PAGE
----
Easter week processions are very rare in Italy these days. Only a few cities even have them anymore. Castiglion Fiorentino, my home, is one of them, and a great source of pride for all ages.
DO NOT BE ALARMED! The cloaks and hoods in the following pictures are not Klan related! It is a much older medieval custom! This was used during the Black Plauge. The hoods would hold herbs near the mouth and nose to prevent the person from getting the “death.” The hood was also to mask their identity. People thought that contact with the dead bodies transfer the disease. The people who discarded of the bodies had to be disguised, in order to not be thought to be bringing the disease when moving about the town. Also, there are three major churches in Castiglion, and each of them has a different cloak color, white, black, and navy. There are three nights that the processions are held, and each church had their chance to be the start and end of the night’s march. Also, the procession had carvings depicting the stage of the Passion and a reader who would tell the story as they walked through the city streets. The city’s band would follow behind the three colored groups playing mournful songs, followed then by the public.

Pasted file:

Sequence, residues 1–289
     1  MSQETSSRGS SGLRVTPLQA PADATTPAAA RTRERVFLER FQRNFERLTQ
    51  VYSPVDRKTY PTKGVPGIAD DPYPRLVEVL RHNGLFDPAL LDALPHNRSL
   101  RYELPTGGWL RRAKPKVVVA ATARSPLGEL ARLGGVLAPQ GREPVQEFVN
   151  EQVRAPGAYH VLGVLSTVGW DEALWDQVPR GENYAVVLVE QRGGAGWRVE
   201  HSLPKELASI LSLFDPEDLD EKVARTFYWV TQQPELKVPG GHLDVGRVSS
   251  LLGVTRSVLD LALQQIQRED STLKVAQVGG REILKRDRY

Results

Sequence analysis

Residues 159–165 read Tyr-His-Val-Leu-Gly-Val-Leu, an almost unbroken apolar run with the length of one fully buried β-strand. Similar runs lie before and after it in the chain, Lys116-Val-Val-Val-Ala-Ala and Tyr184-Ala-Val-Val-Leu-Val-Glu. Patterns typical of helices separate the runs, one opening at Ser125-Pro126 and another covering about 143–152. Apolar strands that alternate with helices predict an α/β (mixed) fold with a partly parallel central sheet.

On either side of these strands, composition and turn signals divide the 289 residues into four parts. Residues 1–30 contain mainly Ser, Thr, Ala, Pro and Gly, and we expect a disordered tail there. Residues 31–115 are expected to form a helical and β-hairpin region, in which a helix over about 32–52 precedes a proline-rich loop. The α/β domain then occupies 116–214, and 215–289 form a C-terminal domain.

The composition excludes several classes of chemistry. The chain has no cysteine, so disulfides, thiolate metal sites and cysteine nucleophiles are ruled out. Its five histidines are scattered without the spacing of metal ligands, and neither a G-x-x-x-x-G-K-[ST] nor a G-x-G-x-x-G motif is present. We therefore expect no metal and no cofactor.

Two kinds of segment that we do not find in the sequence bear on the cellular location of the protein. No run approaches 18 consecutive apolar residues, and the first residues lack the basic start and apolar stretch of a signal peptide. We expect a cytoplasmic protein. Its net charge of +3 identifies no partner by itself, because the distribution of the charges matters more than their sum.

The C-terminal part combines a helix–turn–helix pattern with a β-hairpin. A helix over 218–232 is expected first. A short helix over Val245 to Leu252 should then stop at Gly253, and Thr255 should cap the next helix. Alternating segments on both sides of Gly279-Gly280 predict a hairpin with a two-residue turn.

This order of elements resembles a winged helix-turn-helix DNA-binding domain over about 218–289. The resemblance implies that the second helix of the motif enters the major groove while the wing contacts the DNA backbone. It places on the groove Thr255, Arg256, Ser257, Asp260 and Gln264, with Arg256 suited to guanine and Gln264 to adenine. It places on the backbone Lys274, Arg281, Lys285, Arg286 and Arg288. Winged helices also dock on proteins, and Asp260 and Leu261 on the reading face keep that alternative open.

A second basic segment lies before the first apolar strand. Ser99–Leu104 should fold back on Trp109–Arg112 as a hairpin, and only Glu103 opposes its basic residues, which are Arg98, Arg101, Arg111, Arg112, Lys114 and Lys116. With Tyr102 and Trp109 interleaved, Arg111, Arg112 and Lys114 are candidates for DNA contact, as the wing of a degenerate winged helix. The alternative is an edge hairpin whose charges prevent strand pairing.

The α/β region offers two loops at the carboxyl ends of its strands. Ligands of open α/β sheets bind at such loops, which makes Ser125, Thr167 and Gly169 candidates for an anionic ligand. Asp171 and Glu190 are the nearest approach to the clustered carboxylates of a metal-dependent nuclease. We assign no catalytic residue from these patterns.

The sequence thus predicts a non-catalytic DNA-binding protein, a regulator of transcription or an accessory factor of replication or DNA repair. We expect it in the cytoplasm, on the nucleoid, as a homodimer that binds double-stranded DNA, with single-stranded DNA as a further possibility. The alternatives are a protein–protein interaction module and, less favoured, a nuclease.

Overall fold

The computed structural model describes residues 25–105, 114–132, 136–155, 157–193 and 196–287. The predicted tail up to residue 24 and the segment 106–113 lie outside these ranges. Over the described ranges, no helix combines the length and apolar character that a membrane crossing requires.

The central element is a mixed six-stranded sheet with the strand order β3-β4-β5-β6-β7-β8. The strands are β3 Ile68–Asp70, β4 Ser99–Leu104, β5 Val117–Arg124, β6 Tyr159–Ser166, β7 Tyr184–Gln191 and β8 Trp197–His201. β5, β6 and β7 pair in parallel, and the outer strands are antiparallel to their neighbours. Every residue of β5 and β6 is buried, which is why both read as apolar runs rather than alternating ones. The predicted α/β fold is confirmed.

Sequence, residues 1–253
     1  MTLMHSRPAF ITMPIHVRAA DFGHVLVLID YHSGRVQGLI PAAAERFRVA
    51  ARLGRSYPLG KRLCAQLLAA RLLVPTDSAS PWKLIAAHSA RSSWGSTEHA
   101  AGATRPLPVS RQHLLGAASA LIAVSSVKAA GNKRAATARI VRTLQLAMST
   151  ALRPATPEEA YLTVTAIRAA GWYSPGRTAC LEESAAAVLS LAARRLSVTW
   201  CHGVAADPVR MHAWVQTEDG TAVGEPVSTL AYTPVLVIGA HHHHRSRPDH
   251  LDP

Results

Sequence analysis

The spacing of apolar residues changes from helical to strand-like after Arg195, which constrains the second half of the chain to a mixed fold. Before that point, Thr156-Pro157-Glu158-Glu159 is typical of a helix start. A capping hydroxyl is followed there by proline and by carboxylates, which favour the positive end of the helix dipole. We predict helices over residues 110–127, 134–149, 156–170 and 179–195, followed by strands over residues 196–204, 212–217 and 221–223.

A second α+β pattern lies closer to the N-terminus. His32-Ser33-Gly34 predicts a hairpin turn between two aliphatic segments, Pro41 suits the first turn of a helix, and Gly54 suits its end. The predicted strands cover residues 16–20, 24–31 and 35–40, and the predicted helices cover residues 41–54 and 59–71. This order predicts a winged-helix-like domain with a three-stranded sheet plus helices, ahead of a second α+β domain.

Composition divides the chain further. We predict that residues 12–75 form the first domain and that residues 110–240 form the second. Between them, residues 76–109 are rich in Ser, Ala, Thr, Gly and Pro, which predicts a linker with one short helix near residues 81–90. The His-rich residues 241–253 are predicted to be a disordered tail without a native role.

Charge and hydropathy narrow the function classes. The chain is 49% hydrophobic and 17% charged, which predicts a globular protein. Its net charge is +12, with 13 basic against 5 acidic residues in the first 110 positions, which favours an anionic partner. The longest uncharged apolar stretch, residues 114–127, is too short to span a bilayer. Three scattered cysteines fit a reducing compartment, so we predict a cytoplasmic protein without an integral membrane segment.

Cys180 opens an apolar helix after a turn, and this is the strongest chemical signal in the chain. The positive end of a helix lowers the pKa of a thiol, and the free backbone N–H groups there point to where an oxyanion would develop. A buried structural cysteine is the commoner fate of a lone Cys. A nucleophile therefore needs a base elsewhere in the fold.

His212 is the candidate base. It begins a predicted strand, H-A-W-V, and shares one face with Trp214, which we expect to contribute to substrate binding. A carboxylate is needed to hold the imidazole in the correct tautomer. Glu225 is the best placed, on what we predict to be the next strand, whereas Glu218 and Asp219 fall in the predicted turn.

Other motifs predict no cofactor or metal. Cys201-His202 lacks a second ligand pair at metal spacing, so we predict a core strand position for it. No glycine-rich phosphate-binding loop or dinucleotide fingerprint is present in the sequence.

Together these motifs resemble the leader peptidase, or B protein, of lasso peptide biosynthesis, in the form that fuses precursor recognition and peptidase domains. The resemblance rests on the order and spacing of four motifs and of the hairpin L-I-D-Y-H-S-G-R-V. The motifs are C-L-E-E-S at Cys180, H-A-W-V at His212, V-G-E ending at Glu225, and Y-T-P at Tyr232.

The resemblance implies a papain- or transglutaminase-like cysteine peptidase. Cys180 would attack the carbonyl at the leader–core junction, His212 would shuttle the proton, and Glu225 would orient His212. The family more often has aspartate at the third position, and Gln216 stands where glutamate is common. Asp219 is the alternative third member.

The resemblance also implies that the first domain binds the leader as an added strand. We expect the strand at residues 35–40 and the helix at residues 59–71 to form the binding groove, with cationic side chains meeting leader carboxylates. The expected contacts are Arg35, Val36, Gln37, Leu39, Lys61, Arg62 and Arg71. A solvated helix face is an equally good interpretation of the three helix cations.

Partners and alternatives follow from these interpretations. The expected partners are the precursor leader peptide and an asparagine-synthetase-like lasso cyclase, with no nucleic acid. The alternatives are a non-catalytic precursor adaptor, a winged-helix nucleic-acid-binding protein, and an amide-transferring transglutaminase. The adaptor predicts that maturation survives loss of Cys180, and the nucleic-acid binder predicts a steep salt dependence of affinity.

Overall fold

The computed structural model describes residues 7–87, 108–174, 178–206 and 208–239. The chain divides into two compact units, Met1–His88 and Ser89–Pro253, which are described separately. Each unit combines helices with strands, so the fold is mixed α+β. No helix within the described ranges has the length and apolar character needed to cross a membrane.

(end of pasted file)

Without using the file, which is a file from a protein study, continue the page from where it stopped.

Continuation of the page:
First night of Easter processions.
The honor of carrying or escorting a cross is sought after and given to important people within the church. The current mayor of Castiglion is on the left side of the cross in the photo. All three are barefoot.
The processions are held in all the major streets of town. The candle torches that are carried drip wax all over the roads. After the processions cars will squeak down the roads and wheels can have a hard time finding traction causing accidents.
Second night of processions
Gathering for last and largest procession on Friday.
Easter dinner at Santa Chiara! Yay!